As climate change advances, many people have their eyes on the Arctic region. The Arctic is warming two to three times faster than the global average, and high northern latitudes are especially vulnerable to ocean acidification, requiring us to understand and mitigate the effects of climate change there earlier than elsewhere in the world. During this unprecedented change, the well-being of the ecosystems and people of the polar regions depends on Arctic resilience: the ability of the Arctic to cope with the change and adapt to it without losing the essential identity and function of the region. Also writing in ICES Journal of Marine Science Change, Gary Griffith and colleagues in a Theme Session of contributed papers show the importance of considering and developing new approaches complimentary to existing approaches to consider the non-linear and unexpected effects of OA on key Arctic public goods (e.g. fisheries).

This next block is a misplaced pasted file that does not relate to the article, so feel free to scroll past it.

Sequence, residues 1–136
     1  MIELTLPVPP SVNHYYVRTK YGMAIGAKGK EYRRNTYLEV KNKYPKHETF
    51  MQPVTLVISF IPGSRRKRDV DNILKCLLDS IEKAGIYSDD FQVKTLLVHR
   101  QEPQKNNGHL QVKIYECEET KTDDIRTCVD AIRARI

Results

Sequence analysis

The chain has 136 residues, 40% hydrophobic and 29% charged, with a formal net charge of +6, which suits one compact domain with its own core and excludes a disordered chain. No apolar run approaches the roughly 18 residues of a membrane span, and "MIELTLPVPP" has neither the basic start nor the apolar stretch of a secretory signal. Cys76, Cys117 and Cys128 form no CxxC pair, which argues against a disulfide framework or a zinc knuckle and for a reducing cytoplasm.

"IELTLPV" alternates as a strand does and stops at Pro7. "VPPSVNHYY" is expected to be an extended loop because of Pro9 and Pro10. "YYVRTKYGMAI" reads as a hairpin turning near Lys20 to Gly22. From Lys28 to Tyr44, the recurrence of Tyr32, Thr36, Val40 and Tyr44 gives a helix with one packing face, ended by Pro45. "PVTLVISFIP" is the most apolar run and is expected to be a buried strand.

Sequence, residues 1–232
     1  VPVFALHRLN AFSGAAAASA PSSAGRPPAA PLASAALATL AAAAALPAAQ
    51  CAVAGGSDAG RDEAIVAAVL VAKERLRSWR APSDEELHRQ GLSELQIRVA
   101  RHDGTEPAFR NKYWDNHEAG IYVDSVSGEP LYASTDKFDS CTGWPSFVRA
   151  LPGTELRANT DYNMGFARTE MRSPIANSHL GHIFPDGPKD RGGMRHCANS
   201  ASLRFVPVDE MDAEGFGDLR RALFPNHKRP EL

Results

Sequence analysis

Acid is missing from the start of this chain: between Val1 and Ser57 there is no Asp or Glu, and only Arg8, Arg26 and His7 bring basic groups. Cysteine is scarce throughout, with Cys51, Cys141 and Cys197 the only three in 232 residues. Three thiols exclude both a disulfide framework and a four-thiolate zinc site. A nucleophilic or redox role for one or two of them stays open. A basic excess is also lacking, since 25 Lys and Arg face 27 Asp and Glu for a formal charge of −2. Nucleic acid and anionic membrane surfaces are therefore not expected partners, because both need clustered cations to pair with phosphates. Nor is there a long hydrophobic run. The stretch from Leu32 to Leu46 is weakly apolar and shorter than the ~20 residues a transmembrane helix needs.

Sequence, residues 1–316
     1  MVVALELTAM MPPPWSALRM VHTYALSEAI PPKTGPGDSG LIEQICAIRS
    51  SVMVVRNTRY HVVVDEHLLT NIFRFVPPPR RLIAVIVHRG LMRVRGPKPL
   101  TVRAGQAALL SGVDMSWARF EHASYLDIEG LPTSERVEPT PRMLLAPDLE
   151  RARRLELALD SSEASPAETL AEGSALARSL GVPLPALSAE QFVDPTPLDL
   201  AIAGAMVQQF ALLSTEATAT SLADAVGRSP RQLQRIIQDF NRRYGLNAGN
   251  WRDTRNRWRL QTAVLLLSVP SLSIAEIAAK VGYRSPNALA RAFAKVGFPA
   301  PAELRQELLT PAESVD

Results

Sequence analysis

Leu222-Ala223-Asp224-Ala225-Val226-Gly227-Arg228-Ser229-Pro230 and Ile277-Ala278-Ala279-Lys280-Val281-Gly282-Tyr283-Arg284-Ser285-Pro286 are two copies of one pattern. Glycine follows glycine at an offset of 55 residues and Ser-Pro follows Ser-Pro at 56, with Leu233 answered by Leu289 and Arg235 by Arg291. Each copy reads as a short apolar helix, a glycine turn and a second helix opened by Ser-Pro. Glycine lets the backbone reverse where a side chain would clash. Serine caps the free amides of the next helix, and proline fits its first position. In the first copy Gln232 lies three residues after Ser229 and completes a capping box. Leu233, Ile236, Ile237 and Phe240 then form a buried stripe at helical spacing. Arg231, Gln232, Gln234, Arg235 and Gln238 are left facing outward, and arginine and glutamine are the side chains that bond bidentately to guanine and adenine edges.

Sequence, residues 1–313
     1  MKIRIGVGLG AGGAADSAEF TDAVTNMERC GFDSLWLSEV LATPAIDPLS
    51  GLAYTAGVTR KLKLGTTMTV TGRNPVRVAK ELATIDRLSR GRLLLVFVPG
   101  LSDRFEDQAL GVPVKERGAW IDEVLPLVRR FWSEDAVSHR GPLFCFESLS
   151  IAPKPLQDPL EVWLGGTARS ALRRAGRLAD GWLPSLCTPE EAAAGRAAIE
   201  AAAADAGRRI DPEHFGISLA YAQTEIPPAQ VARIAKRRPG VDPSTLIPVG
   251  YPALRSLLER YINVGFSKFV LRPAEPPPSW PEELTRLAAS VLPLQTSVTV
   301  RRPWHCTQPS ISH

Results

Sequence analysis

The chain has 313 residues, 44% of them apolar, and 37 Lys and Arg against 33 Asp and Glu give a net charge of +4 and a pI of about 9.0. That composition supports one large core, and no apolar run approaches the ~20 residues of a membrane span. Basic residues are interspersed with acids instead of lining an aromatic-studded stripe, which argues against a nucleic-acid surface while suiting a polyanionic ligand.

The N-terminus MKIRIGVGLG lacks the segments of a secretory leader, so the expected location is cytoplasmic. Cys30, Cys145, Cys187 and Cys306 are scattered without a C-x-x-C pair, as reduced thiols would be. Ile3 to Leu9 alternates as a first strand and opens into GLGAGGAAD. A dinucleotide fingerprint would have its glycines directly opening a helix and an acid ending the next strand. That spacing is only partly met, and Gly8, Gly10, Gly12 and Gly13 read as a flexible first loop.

Published Results/Planned Publications

Published 2020 (and acknowledging Fram funding where possible):

Griffith, G.P. (2020). Closing the gap between causality, prediction, emergence, and applied marine management. ICES Journal of Marine Science, 77(4), 1456–1462. doi:10.1093/icesjms/fsaa087


Li X, Bellerby R.G.J., Wallhead P., Ge J., Liu J., Liu J. and Yang A. (2020). A Neural Network-Based Analysis of the Seasonal Variability of Surface Total Alkalinity on the East China Sea Shelf. Front. Mar. Sci. 7:219. doi: 10.3389/fmars.2020.00219


Li, X., Bellerby, R.G.J., Ge, J., Wallhead, P., Liu, J., Yang, A., 2020. Retrieving monthly and interannual total-scale pH (pHT) on the East China Sea shelf using an artificial neural network: ANN-pHT-v1. Geosci. Model Dev., 13, 5103–5117.




Griffith, G.P et al. Emerging stable strategies of species to rapid environmental change. (Nature Ecology and Evolution, to be submitted next few weeks)


Yakushev et al., Modeling of biogeochemical consequences of a CO2 leak in the water column with bottom anoxia. Journal of Greenhouse Gas Control.


Wallhead et al. NERSEM: a new adaptation of the European Regional Seas Ecosystem Model for modelling high northern latitudes.  Geoscientific Model Development.

Communicated Results

For Griffith, G.P (2020). In ICES News.

Associated cartoon:

Interdisciplinary Cooperation